The European Commission Tuesday slapped a one-month ban on imports of chicks and eggs from the United States after the discovery of bird flu in Texas.
A Texas chicken flock was diagnosed with an “extremely infectious and fatal” form of bird flu on Monday. Officials are monitoring farm workers in the area as a precaution against the first U.S. outbreak of a severe form of the disease in 20 years.
An outbreak of a different strain of bird flu in Asia has caused at least 22 deaths and prompted the slaughter of tens of millions of fowl.
“We want to make sure there’s no risk posed by the imports,” EU Health and Consumer Protection Commissioner David Byrne told a news conference, adding that the ban would remain in place until March 23.
“It’s important we adopt an approach which is consistent with the protection of animal health...(and) only take such measures which are proportionate to the risk this issue presents to the EU.”
The United States is a major poultry exporter to the EU. A quarter of annual EU egg imports come from the U.S., some 13,000 tonnes of eggs worth 20 million euros ($25.17 million) in trade.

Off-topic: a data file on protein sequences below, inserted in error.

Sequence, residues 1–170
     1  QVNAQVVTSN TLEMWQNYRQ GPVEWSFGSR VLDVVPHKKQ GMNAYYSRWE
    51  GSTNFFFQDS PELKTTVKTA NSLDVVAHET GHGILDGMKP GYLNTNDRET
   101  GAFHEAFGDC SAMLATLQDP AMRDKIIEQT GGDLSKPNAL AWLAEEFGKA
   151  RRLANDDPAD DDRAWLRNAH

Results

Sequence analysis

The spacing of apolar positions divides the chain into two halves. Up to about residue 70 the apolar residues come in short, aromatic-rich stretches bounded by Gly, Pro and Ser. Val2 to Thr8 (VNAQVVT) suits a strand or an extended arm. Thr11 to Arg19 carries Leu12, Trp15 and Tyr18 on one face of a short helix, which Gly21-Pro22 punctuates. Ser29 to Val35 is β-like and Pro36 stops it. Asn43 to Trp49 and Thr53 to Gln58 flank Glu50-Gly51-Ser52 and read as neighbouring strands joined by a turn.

Milder forms of bird flu were found in poultry in Pennsylvania, Delaware and New Jersey this month. The EU has also banned the import of pet birds from the U.S. to prevent the spread of the virus to the 15-nation bloc.
Byrne said on Tuesday that half the egg imports were consumed while the remainder were hatching eggs. The EU also imports 450,000 day-old chicks a year from the U.S., mostly turkeys, accounting for 50 percent of the 15-nation bloc’s imports.
The EU does not import poultry meat from the U.S. because bird carcasses are disinfected with chlorine after slaughter, officials said.
EU veterinary experts will review the measure at a meeting from March 2-3. EU farm ministers will decide whether or not to extend the ban at their meeting on March 23.
The EU already has a ban on imports of Thai poultry.
Officials have said the strain in Texas was considered a low health threat to humans and different from the one blamed for the recent deaths in Asia.
The Asian outbreak has alarmed scientists, who say it shows that a deadly strain of bird flu can jump species. Bangkok officials have also confirmed the deaths of two house cats from bird flu, the first domesticated mammals known to have contracted the disease in this outbreak.